LIMERICK — After walking away from a controlled fire he just put out with a fire extinguisher, Brody, looking at his hands through wire-rimmed glasses, explained how he did it.
“Pull the pin, aim the hose,” the young boy explained slowly and carefully. “Then you squeeze.”
The aspiring firefighter just learned the skill from real firefighters, who’d taught him and more than a dozen other boys and girls like him. Behind him, as he explained the process, a firefighter was helping another little boy put out another controlled fire.
Limerick Fire Company’s first-ever fire camp appears to be a success.
Forty boys and girls ranging from 6 to 13-years-old turned out this week to learn fire safety and the tricks of the trade of firefighting from the men and women who do it day in and day out.
“They’re learning all the pieces of what goes on in our world,” said Limerick Fire Chief Ken Shuler said. “Some of them are saying, ‘How old do you have to be to join?’”
Shuler said his company was “thrilled” with the turn-out and enthusiasm shown by the kids who are attending the camp.
Other fire camps’ first years have had a much smaller turnout, Shuler heard.
“We were hoping to get a dozen to 15,” campers, Shuler said. “We have 40 for our first.”
One of the main reasons the fire company hosted the camp is for potential recruitment purposes down the road. Although they’re at a robust 50-active volunteer firefighter force right now, problems could sneak up if new membership isn’t pursued actively.
“Getting them at this age is important because their curiosity is up, they see shows on TV, they see all the books, they want to know more about it,” Shuler said. “Now they’re actually doing it. They’re charging the lines, they’re actually setting up ladders. They’re doing it all.”
The camp ran Monday through Friday in the morning, starting by teaching all of the kids what the different equipment and apparatus is, then moving on to procedures and skills firefighters need to rescue others and survive themselves.
Broken into three groups with Limerick Fire Company t-shirts that either read “Engine,” “Rescue,” or “Ladder” on the back, the kids ran through different stations to learn skills Wednesday.
One involved learning how to deploy, charge and, eventually, roll a hose.
Another involved the mechanics of using a fire extinguisher.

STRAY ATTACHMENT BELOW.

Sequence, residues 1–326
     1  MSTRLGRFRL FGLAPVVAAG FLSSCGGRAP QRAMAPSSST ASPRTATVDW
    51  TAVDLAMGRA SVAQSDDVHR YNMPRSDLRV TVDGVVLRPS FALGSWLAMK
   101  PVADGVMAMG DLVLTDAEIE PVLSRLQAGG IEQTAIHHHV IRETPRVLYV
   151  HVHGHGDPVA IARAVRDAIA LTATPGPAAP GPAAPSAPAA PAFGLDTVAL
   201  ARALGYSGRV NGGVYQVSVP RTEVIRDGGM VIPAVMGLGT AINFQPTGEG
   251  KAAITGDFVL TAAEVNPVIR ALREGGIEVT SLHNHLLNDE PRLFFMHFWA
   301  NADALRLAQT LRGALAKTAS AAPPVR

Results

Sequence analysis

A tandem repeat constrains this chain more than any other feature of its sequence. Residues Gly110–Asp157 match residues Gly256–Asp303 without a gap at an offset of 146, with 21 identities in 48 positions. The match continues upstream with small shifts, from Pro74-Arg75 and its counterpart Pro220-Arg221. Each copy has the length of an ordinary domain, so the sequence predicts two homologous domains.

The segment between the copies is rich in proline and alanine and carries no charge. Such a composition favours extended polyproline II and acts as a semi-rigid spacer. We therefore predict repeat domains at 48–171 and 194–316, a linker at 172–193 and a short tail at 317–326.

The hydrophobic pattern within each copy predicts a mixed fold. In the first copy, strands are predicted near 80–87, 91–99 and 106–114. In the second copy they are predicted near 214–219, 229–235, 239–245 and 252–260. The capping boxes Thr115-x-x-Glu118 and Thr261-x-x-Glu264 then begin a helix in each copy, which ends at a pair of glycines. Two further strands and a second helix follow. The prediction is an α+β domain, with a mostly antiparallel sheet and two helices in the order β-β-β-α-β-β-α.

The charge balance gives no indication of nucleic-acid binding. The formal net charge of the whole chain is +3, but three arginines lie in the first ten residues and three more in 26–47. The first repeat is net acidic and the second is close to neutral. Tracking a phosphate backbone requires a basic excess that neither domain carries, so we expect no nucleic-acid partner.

That was “Cadet” Ryan’s favorite stop of the day.
“I liked putting out the fire with the fire extinguisher,” he said.
Another cadet in Ryan’s “Engine” group, Zach, felt the same way, saying that was his favorite part of the camp.
Both want to enter the fire service when they’re old enough.
“It’s all hands on,” Shuler said.
The last station Wednesday was inside a demonstration trailer which can simulate, among other things, a kitchen fire.
Deputy Chief Glen Russell showed the campers there what to do in the event of a stove fire, microwave fire, or trash fire and if any of them spread.
“You try to get these kids to identify things themselves,” Russell explained.
Shuler said a large part of the camp is to teach fire safety. Each day, they start with what he said is the firefighters’ motto: “Everyone comes home.”
In the midst of a demonstration on a kitchen fire, which uses lights and fake smoke to simulate the experience, Russell ran through what to do with the kids.
“What would you do if you saw an [electrical] outlet smoking?” he asked.
“Get out of the house,” one boy answered quickly.
Russell said the camp and the demonstrations are good because it’s “all part of a process of raising the awareness for the fire service.”
Shuler said the fire company is “100 percent behind” the camp, with between 10 and 16 volunteers turning out each day to help run the camp. Additionally, he said parents are giving very positive feedback.
“Kids are excited to go home at night. It’s all they’re talking about,” Shuler said.
Not all of the children are from the Limerick Fire Company’s coverage area. One child even hails from Florida.
As such, Shuler thinks the camp will help multiple fire companies, whose chiefs he said have already begun expressing interest in partnering or doing a camp themselves in the future.
There’s also the possibility of expanding to include police and EMT services as early as next year.
And there will be a next year, Shuler said.
“Absolutely,” he nodded.
The kids who attend the camp are also largely not from firefighter families.
“Traditionally,” Shuler said, fire companies were able to recruit from family members.
“Now, it’s just kids have an interest,” he said.
Beyond the recruitment aspect, Shuler said the camp gives children a new avenue to socialize and show their personalities and abilities.
He shared the experience of one camper.
“The one woman came in, she was so thrilled her son was getting involved,” Shuler said. “The one volunteer was telling her, ‘Your son is doing so well, he’s getting involved,’ and she started crying.”
“It’s really about letting kids expand out a little bit,” Shuler concluded, smiling.